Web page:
Staff Sgt. Maurice Scott, with Marine Corps Forces Special
Operations Command, received the Bronze Star for valor in combat
operations in Afghanistan as a joint terminal attack controller with
Marine Special Operations Command from Col. Steven J. Grass at Camp
Pendleton, Calif. on March 12, 2012. Photo by USMC Lance Cpl. Joshua Young
CAMP PENDLETON, Calif. (3/13/2012) - A staff sergeant from Chicago,
received the military's fourth highest award for combat actions
between September and October, 2010.
Col. Steven J. Grass,
the commanding officer of Marine Special Operations Regiment,
presented Staff Sgt. Maurice Scott with 1st Marine Special
Operations Battalion, the Bronze Star with a “V” device, for valor,
at Camp Pendleton, Calif., March 12.
Scott, 33, successfully
employed supporting aircraft to break supply lines and hinder enemy
activity during a night helicopter raid as a joint terminal aircraft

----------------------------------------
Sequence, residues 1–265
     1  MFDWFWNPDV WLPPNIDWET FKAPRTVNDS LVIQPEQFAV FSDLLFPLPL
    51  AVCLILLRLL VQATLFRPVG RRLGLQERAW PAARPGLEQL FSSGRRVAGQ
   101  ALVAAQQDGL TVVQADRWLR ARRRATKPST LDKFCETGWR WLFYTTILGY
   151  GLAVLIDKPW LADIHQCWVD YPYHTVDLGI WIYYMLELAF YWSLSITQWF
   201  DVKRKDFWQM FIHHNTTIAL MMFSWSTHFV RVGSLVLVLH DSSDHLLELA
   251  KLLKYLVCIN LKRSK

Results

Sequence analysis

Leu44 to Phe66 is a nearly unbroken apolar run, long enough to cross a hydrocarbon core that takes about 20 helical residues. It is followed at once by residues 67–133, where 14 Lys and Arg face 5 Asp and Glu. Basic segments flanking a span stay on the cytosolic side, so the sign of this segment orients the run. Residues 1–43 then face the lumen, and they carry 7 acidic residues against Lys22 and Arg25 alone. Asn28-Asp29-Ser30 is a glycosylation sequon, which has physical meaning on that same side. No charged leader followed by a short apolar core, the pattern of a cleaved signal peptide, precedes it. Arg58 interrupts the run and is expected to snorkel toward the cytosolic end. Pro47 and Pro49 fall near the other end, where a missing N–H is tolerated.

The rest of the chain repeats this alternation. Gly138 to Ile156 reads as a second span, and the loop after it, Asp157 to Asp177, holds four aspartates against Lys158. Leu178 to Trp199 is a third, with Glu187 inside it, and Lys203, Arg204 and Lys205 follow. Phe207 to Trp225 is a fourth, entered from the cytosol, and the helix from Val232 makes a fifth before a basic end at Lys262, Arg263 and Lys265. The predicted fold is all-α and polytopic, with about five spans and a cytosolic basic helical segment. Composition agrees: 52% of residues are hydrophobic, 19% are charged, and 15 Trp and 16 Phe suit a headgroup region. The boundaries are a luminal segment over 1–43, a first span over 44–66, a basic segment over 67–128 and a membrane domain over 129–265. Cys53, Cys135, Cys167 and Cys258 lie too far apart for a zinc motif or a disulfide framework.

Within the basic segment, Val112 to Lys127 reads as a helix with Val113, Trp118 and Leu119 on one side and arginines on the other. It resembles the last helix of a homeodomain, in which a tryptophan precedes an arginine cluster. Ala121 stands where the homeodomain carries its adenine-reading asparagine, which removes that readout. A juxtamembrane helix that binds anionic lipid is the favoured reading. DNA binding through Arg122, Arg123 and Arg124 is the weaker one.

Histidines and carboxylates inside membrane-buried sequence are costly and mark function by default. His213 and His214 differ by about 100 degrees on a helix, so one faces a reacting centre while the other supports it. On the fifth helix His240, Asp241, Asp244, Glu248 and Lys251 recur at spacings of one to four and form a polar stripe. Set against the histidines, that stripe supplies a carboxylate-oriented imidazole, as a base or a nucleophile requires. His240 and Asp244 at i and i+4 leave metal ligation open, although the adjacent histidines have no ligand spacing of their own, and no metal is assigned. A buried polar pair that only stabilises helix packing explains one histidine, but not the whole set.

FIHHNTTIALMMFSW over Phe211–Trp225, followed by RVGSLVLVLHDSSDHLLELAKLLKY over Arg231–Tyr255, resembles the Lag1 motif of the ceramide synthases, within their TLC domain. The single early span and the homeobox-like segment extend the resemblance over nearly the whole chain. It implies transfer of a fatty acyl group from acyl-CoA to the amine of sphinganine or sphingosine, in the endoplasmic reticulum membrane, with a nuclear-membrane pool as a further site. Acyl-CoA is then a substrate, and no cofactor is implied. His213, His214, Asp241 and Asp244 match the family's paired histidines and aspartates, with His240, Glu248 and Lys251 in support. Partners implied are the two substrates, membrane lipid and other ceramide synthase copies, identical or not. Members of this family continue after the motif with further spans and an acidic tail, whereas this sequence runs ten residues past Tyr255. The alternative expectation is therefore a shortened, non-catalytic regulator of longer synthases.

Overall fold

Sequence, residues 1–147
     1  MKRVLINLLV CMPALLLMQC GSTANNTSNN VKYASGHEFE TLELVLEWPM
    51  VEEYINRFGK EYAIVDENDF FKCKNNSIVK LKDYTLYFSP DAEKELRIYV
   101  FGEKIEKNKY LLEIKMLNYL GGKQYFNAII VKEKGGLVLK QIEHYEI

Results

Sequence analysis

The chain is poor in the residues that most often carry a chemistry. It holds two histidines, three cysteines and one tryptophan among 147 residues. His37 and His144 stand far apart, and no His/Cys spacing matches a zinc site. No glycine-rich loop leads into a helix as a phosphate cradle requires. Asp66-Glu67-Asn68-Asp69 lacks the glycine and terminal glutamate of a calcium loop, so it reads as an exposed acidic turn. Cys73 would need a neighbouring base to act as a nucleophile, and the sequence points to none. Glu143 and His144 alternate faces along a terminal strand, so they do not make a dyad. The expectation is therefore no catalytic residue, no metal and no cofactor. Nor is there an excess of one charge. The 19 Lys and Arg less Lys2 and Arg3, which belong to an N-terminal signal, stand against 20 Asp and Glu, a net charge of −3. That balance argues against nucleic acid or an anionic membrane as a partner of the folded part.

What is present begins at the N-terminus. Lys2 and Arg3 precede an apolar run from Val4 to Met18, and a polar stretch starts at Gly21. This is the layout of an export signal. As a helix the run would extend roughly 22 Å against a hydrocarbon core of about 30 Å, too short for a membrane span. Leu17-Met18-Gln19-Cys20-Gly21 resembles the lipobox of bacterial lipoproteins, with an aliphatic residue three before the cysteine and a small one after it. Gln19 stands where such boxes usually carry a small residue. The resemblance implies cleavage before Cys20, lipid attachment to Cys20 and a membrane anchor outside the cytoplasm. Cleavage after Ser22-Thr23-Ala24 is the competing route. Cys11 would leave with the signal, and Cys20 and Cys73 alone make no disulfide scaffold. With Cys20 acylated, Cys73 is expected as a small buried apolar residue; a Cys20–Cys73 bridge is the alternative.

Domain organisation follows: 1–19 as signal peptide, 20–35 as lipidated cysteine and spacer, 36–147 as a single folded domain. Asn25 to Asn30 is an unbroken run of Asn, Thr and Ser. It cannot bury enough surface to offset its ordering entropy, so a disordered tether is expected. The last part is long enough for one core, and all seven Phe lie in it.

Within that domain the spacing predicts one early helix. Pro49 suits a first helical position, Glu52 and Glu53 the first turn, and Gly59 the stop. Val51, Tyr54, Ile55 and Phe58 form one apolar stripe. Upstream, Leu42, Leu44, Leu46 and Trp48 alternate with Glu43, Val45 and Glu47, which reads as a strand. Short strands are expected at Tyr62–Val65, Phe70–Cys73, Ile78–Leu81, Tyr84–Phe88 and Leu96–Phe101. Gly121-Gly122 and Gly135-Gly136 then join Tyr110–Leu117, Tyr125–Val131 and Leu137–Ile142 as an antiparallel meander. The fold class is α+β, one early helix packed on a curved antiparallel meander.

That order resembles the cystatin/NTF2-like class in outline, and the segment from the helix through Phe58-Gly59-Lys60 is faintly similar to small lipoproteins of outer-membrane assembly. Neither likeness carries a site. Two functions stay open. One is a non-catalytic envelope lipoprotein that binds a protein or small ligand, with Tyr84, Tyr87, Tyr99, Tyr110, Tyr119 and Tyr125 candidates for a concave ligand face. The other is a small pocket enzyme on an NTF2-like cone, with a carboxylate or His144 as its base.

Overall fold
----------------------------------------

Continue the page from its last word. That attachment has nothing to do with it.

controller, according to the award's citation.
element's security position came under heavy fire from enemy forces
while deployed to the Helmand province, Afghanistan. He spotted and
eliminated an insurgent cave position by employing a missile strike
while observing from an exposed position. He engaged the enemy with
his weapon and called in multiple airstrikes. His actions caused
the enemy to break off their attack.
“You can't attribute the success of the mission to one
individual,” Scott said. “Everyone is actively involved in
the process. It represents the achievements of our team.”
Scott, a former Army Ranger, has served three
deployments to Iraq and two to Afghanistan.
Bronze Star is awarded for either meritorious service or
combat heroism. The bronze “V” is a combat distinguishing
device for acts of combat heroism or valor.
was excellent leadership at the team level,” Scott said.
“That's what allowed us to perform with accuracy.”
The Bronze Star recipient, whose father was an Army
lieutenant colonel, had a military upbringing and realized
his own military career when he was 18.
currently serves at Marine Special Operations Battalion,
Headquarters Company, learning Pashto and said he hopes to
continue working with government, such as state or federal
law enforcement, after his military career.
By USMC Lance Cpl. Joshua Young
I Marine Expeditionary Force
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